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Frequently Asked Questions

1. How much does a Monarch weigh?
Monarchs range in mass from .25 to .75 grams (a dime has a mass of 2.3 grams). Males are usually larger than females, with average masses of .56 vs .53 grams respectively. (A good classroom question: why are males larger in both mass and wing length than females?) [Back to FAQs]

2. How much does a Monarch egg weigh?
A single Monarch egg has a mass of only 0.46 mg (0.00046 g), but after feeding for 15 days, a mature 5th instar (5th stage) larva can reach a mass of 1.5 g - that's 3,261 times heavier than an egg! The average pupa is 1.2 g, which represents a loss of 20% of the larval mass, but the mature adult is only 0.5 g, only 58% of pupal mass. (A good classroom question: why does the adult weigh less than the larva and pupa? What accounts for the loss in mass?) [Back to FAQs]

3. How fast does the migration advance?
In the midwest, we have observed that 5-6 days after masses of Monarchs assemble in Minneapolis/St. Paul (late August) the front of the migration reaches Des Moines, Iowa (4-6 Sept.) - a distance of 240 miles (360 km). It takes another 5-6 days for this wave, or front, to reach Lawrence, Kansas (usually 9-10 Sept.) - another 220 miles (330 km). However, from Lawrence, KS to Austin, TX a distance of 700 miles (1050 km), the interval varies from 6-14 days. The first masses of Monarchs usually reach the Texas/Mexico border (Eagle Pass, etc.) in the last days of September. In the midwest, if we assume the migration starts in NW Minnesota, the distance to the border is 1500 miles (2250 km). Therefore, the migration advances at roughly 50 miles (75 km) per day (1500/30 migrating days from 28 Aug. to 28 Sept.). However, these are averages, and there are reports from recoveries of tagged Monarchs which indicate flight distances up to 129 km a day. [Back to FAQs]

4. How fast do individual migrating Monarchs fly?
Clearly, the flight speed of such a small organism depends on environmental such as wind speed and direction relative to the heading (direction) of the butterfly. Monarchs are slow fliers relative to other butterflies and moths, flapping their wings only 5-12 times per second. Their flight speeds have been measured at 5 meters per second, 18 km or 12 miles per hour; but, if disturbed, they can fly much faster for short distances. Surprisingly, there are few data on flight speeds of Monarchs and other butterflies. This could be a good project. All that is required is an open field, a clipboard, a tape measure, a stop watch, a wind speed and direction indicator and some keen observers. [Back to FAQs]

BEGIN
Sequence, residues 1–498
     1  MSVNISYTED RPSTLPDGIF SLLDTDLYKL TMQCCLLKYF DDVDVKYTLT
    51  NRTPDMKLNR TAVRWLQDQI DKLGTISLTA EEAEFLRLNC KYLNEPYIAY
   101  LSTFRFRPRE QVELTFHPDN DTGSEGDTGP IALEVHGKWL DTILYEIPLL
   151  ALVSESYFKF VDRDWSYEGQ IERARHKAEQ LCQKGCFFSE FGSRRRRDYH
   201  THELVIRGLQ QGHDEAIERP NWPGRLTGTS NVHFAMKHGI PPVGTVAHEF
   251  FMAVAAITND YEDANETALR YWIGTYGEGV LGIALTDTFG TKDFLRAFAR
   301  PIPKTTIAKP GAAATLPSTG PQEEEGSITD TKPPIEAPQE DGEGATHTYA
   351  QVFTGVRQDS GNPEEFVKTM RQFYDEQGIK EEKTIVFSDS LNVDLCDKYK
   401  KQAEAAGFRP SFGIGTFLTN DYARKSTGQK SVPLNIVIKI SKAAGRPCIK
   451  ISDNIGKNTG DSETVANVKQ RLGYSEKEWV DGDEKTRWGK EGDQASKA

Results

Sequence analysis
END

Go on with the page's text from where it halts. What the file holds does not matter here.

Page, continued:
5. Do Monarchs occur outside of North America?
Yes. Monarchs are found at middle elevations in many places in central and south America. Although not well studied in these areas, there are some indications that Monarchs migrate to dryer areas when the wet season begins and then back to wetter areas when the dry season becomes so severe the host plants die back. In the last century Monarchs were introduced, evidently by ship traffic, to the Azores, Australia, New Zealand, Hawaii and many Pacific islands. More recently a limited population of Monarchs has become established in southern Spain. [Back to FAQs]

6. How long do adult Monarchs live?